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How to Prevent Flooding in Your Main Street Storefront

Posted by Pekin Insurance on Sep 28, 2016

No one can stop natural disasters, but there are ways to protect against them. Here are a few tips on how to prevent flooding before it happens.

You'd heard the reports of potential severe weather, but you didn't think it would affect your area. Now you're watching images on the news of rivers of water pouring through the streets downtown, headed directly for your business. You wonder now if your insurance policy covers floods, and you wish you'd given more consideration to how to prevent flooding in your storefront.

Don't beat yourself up too hard, though. Most of us don't expect disasters to fall upon our businesses, though we should always be prepared for the worst. In the case of flooding, whether from natural disasters or some kind of mechanical failure, you'll want to get your business back up and running as soon as possible. Thankfully, there are precautions you can take to make that a reality.

How to prevent flooding: clearing debris

One of the most common causes of flooding is clogged storm drains, whether on your building or on the road. While the roads are up to municipalities to maintain, you should check the gutters of your building (or ask your landlord to do so) on a regular basis, especially if you're expecting severe weather in your area. In summer and fall, sticks and leaves and other debris can plug up storm drains so when bad weather hits, there's nowhere for the water to go. Make sure you've done what you can to ensure drainage.

If there's been a heavy snowfall recently, take the time to clear away slush and snow from gutters and nearby storm drains. While the drains aren't technically your responsibility, both you and your neighbors will thank you for a simple fix that may prevent flooding at multiple nearby properties.

How to prevent flooding: inspect your building

Especially if you operate your business out of an older building, you'll want to check roofs, walls, and basements for any areas of potential water entry. If you find any discolored or deformed areas, have a professional examine them before flood threats come along. You should also regularly inspect the pipes and pumps in your building to ensure that no mechanical failures contribute to flooding threats.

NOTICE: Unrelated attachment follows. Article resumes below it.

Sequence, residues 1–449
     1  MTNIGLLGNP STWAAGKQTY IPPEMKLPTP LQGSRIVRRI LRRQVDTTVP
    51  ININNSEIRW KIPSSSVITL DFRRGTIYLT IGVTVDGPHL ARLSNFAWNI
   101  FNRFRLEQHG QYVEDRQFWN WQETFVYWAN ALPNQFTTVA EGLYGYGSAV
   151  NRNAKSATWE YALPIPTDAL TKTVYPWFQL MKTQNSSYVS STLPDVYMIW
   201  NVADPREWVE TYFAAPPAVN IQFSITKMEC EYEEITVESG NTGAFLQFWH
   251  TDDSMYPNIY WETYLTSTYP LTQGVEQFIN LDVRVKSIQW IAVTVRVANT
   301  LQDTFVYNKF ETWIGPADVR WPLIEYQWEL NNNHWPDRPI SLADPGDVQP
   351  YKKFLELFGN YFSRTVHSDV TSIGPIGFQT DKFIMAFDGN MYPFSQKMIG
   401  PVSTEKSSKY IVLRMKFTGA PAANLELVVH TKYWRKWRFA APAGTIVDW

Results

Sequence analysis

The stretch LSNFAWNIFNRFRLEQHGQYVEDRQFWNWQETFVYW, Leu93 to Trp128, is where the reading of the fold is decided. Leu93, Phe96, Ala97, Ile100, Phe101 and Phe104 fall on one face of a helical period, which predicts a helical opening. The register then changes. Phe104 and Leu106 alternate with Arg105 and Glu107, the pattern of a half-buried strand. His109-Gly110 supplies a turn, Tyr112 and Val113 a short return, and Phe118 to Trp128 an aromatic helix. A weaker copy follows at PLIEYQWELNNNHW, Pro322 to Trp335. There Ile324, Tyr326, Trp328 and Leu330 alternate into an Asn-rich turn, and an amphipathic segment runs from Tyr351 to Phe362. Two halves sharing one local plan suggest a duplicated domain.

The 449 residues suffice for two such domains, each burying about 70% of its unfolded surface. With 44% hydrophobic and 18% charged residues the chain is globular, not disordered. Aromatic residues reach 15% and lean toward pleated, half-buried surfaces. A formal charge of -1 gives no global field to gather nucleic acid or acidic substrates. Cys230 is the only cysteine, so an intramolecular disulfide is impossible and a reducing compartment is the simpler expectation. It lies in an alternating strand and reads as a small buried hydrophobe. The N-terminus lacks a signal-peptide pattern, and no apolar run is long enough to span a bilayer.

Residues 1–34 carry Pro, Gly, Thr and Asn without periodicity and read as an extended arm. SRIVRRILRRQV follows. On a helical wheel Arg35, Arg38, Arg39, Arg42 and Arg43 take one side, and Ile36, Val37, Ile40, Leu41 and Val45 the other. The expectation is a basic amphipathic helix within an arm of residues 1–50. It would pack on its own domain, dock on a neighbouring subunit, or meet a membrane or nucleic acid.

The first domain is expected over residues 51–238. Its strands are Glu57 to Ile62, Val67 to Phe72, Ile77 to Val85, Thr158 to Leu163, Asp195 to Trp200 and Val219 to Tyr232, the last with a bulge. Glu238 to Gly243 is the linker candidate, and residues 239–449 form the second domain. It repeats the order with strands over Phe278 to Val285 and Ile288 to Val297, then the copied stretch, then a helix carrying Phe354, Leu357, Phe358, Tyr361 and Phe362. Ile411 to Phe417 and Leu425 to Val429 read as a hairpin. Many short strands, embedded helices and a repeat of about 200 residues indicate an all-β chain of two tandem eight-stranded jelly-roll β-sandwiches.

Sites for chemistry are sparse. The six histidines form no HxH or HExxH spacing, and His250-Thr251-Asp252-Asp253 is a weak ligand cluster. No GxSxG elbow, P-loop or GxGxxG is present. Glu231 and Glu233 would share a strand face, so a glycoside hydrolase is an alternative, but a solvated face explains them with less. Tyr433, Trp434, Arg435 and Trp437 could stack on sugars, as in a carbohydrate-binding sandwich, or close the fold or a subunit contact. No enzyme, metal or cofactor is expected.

How to prevent flooding: sandbags and slopes

If you live in a high-risk flood zone, find out if your business is built on the appropriate slope for excessive water run-off. Of course, in cases of extreme weather, some slopes may not be enough to divert all the water, in which case the tried and true method of stacking sandbags around your property will help to keep flood waters to a minimum. Just remember that stacking sandbags requires time, so be sure to make a decision about sandbags sooner rather than later.

Whether or not you choose to sandbag your storefront, it's always a good idea to stack sandbags around basement entrances to divert water flow there. External damage to your business is one thing, but internal damage can be just as detrimental if not more so. Do all you can to keep your basement as dry as the rest of your building.

How to prevent flooding: elevation

Particularly in high-risk flood zones, it's helpful to have your business elevated above the danger level, whether naturally or through modern engineering. That's not always possible, so to minimize any potential damage, elevate the equipment in your basement, especially any anti-flooding pumps, so that if water does collect, you'll be able to get back on your feet sooner rather than later.

Though regular inspections will help to prevent man-made floods, no one can stop natural disasters from occurring. We can only prepare ourselves and our assets for when severe circumstances arise. Following some of these simple steps could save you copious amounts of time and money. Be prepared for severe weather. Make a prevention plan and keep it handy. 

Has your business survived a flood? What did you do to keep your assets safe? We'd love to hear your answers in the comments below.



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